On Martha's Vineyard, tribal elders work to restore land to its pre-colonial state
AQUINNAH, Mass. — Off the coast of Massachusetts, the island of Martha's Vineyard is bustling with summer tourists packed into beaches, yacht clubs, and restaurants. A tour around the 96-square-mile island would almost certainly include scenes of tall lighthouses, sprawling estates with manicured laws, and colorful cottages that can be rented for upwards of $330 a night.
But that's not the island life David Vanderhoop lives or wants.
Striding through wet grass on his 20-acre property, the Aquinnah Wampanoag elder points to remnants of the native plant species that his ancestors relied on for thousands of years.
"Right below our feet here, all of these little white flowers with yellow in them – these are all wild strawberries," he said. "The strawberries are much smaller ... than the cultivated species. But they are so very tasty. Oh, my goodness, yes."
Vanderhoop, 67, cherishes stories of days long past when the island's natural cranberry bogs, blueberry bushes, and Sassafras trees were cared for by Aquinnah Wampanoag men, women, and children all over the island.
"We were a beneficial part of this ecosystem," he explained.
A historian for the tribe estimates there were around 4,000 Aquinnah Wampanoag people at the tribe's peak, though others estimate there were thousands more. But over the last 400 years, since colonists first arrived, the on-island Aquinnah Wampanoag population has shrunk to about 500, and only a fraction of them know ancestral practices.
In Vanderhoop's case, development over the years forced his forefathers to take jobs away from their property. The result: their land is completely overgrown and has been overtaken by invasive species.
But prompted by the threats of climate change and a desire to educate the next generation, Vanderhoop and his wife, Saskia, are determined to restore their land to what it was centuries ago. Drawing from oral history and a variety of research methods, they're replanting, reharvesting, and re-establishing a productive food forest, full of original sounds, smells, textures, tastes, and sights. They're calling it the Land Culture Project.
"I just have it in my system that I have to bring the land back to a productive time," David Vanderhoop said. "So we're setting up the land the way that my ancestors would have."
The Vanderhoops see the consequences of a European agriculture system and a tourism economy all over Martha's Vineyard. Saskia Vanderhoop says people have clear-cut the forests, established plant monocultures, and over-used chemical fertilizers.
"Not only do you take the nutrient-dense, wild foods away from the people, you change their complete culture," she said, "because food and the land are the two major, essential components of the culture."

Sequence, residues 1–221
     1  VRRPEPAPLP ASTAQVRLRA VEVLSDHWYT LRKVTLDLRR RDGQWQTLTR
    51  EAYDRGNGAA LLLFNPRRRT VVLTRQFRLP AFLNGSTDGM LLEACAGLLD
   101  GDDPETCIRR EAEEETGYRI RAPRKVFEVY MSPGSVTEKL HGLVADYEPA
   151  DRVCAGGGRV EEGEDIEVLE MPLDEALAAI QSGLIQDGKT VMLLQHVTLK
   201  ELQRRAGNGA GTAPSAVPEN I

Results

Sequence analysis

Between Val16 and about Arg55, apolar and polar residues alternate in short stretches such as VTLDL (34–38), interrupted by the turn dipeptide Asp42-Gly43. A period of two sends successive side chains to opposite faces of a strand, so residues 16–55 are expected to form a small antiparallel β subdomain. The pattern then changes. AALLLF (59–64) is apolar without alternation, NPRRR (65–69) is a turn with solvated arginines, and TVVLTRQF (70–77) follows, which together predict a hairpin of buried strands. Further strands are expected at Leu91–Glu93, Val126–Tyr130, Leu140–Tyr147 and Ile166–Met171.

This kind of work, to the Vanderhoops, is best accomplished collectively. The couple is teaching traditional land restoration practices to children who come for summer camp each July.
"Sadly, there are a lot of factors, institutions, that keep Wampanoag people from this land, from stewarding the land," said one camp counselor, Tysonnae Aiguier-Bolling, 26, an Aquinnah Wampanoag tribe member and David's niece. "So the fact that they're able to do that and teach more people – they're not only doing it for themselves – I think it's amazing."
The Vanderhoops have seen some progress already. They've removed invasive species like wild roses, wisteria, and Russian olive trees, and planted hickory trees, American chestnuts, black walnuts, mulberries, wild blueberries, and fruits called "pawpaws."
"They don't last for very long, but they taste like sweet pudding," David Vanderhoop said.
As they approach their 70s, the Vanderhoops say they know they may never see their dream fully realized, but that's a terrible reason to not try. When David Vanderhoop walks around his property and thinks of what it will look and sound like 20 years from now, he closes his eyes and lets his thoughts roam.
"Oh, my goodness. [We'll] hear the cardinals and the blue jays and the chickadees and the song sparrows and so on and so forth," he began. "You'll hear children harvesting and the people here talking about the different plants and how to use them and how it benefits us as humans to keep this in your heart."
"I'm not doing this for myself. I'm doing this for the next generations."
Copyright 2023 CAI. To see more, visit CAI.